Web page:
Scotland business

Scotland narrows productivity gap with UK

welders Image copyright Thinkstock

Scotland is close to catching up with rest of the UK on productivity, according to official data released by the Scottish government.

In 2015 the output per hour of the average Scottish worker increased by 3.5%, compared with 0.9% for the UK.

Scotland's output is now 99.9% of the UK average, having increased from 94.5% in 2007.

Scottish government statisticians said the nation continued to lag the UK in terms of output per job.

By that measure, labour productivity increased by 2.1% in 2015 to stand at 97.8% of the average UK value.

'Welcome news'

Finance Secretary Derek Mackay said: "These figures show that Scotland's productivity performance has grown around four times faster than the UK, providing further evidence of Scotland's economic strength.

"Scotland is now matching UK levels of productivity.

"This is very welcome news and - through our commitment in our Economic Strategy to supporting innovation, increasing skills and improving our infrastructure - we will continue to work to improve this further."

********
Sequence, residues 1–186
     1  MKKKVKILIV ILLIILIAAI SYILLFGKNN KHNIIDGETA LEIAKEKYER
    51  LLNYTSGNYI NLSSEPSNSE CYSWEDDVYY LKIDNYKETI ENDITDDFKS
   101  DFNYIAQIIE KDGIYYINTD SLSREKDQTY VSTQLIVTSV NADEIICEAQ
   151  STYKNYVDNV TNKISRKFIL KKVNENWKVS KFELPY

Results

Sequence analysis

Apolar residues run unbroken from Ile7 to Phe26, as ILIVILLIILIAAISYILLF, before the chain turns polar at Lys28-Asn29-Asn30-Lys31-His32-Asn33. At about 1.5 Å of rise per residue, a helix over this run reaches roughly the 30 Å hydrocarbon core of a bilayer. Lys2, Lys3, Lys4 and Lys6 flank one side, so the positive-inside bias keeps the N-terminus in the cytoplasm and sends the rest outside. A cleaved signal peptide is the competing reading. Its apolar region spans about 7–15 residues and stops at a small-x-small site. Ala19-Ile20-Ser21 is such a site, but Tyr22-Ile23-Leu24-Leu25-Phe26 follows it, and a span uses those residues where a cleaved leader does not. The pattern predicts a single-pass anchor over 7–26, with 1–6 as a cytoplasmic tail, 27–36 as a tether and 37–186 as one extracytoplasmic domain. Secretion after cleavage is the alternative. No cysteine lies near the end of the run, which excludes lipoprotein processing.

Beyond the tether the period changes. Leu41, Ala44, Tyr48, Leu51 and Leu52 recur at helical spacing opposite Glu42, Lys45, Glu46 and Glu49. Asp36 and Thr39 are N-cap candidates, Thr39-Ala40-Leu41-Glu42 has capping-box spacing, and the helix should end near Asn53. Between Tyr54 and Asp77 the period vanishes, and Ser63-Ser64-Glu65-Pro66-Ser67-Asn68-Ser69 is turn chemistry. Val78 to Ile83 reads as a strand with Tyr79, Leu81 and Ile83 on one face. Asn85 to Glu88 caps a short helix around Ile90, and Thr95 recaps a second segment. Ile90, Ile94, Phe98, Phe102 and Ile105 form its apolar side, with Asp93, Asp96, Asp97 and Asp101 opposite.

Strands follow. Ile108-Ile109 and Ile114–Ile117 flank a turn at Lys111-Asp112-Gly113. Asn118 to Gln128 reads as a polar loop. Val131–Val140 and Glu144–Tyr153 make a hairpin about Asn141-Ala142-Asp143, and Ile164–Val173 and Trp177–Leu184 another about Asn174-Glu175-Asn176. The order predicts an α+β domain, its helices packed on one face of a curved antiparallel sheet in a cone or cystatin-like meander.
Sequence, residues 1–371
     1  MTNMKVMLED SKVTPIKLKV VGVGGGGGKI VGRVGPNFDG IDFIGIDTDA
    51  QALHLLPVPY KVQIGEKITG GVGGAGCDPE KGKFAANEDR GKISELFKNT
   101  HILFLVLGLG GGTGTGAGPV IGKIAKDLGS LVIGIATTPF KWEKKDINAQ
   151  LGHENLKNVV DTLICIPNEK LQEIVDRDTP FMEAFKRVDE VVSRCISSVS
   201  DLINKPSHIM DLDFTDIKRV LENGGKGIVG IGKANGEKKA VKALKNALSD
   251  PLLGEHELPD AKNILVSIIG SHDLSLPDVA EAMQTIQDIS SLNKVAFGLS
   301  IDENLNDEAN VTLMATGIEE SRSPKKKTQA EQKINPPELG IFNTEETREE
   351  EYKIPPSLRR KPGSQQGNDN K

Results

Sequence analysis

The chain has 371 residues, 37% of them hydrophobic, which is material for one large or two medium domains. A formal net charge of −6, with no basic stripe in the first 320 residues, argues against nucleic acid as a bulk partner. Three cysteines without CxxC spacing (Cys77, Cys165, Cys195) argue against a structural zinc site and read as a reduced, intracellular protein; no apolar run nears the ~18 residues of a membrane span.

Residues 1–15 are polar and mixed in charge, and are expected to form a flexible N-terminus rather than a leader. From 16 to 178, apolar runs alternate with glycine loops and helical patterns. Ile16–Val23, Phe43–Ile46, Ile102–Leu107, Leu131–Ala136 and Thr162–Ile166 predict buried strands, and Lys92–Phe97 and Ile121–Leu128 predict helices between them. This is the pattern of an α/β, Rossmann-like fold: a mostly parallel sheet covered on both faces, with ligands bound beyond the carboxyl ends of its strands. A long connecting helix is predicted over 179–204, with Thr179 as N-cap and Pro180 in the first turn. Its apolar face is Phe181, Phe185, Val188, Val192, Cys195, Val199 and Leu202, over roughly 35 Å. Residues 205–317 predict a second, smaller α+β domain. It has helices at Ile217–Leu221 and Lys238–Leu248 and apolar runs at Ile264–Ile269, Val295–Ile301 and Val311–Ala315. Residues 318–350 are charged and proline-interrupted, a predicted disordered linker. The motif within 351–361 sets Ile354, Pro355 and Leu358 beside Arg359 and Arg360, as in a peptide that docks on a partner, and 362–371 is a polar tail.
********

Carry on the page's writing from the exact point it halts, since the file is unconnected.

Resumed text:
Meanwhile, Scottish government data showed Scottish manufactured exports fell by 3.8% in volume terms during the third quarter of 2016.

Comparing the most recent four quarters to the previous four quarters, exports fell by 5.3%, according to the Index of Manufactured Exports (IME).

The latest quarterly fall was driven by contractions in most product groups, except for refined petroleum, chemical and pharmaceutical products, which saw marginal growth.

Image copyright Thinkstock

Commenting on the figures, Andy Hall from Barclays said: "With a fall in new orders and the pressure of rising manufacturing costs, it's not surprising the overall performance of the sector dipped during the quarter.

"Manufacturers continued to struggle with securing new business leads and tackling outstanding backlogs.

"With the full implications of Brexit still to be defined and inflation on the rise, the impact this may have on Scottish business remains uncertain."

More on this story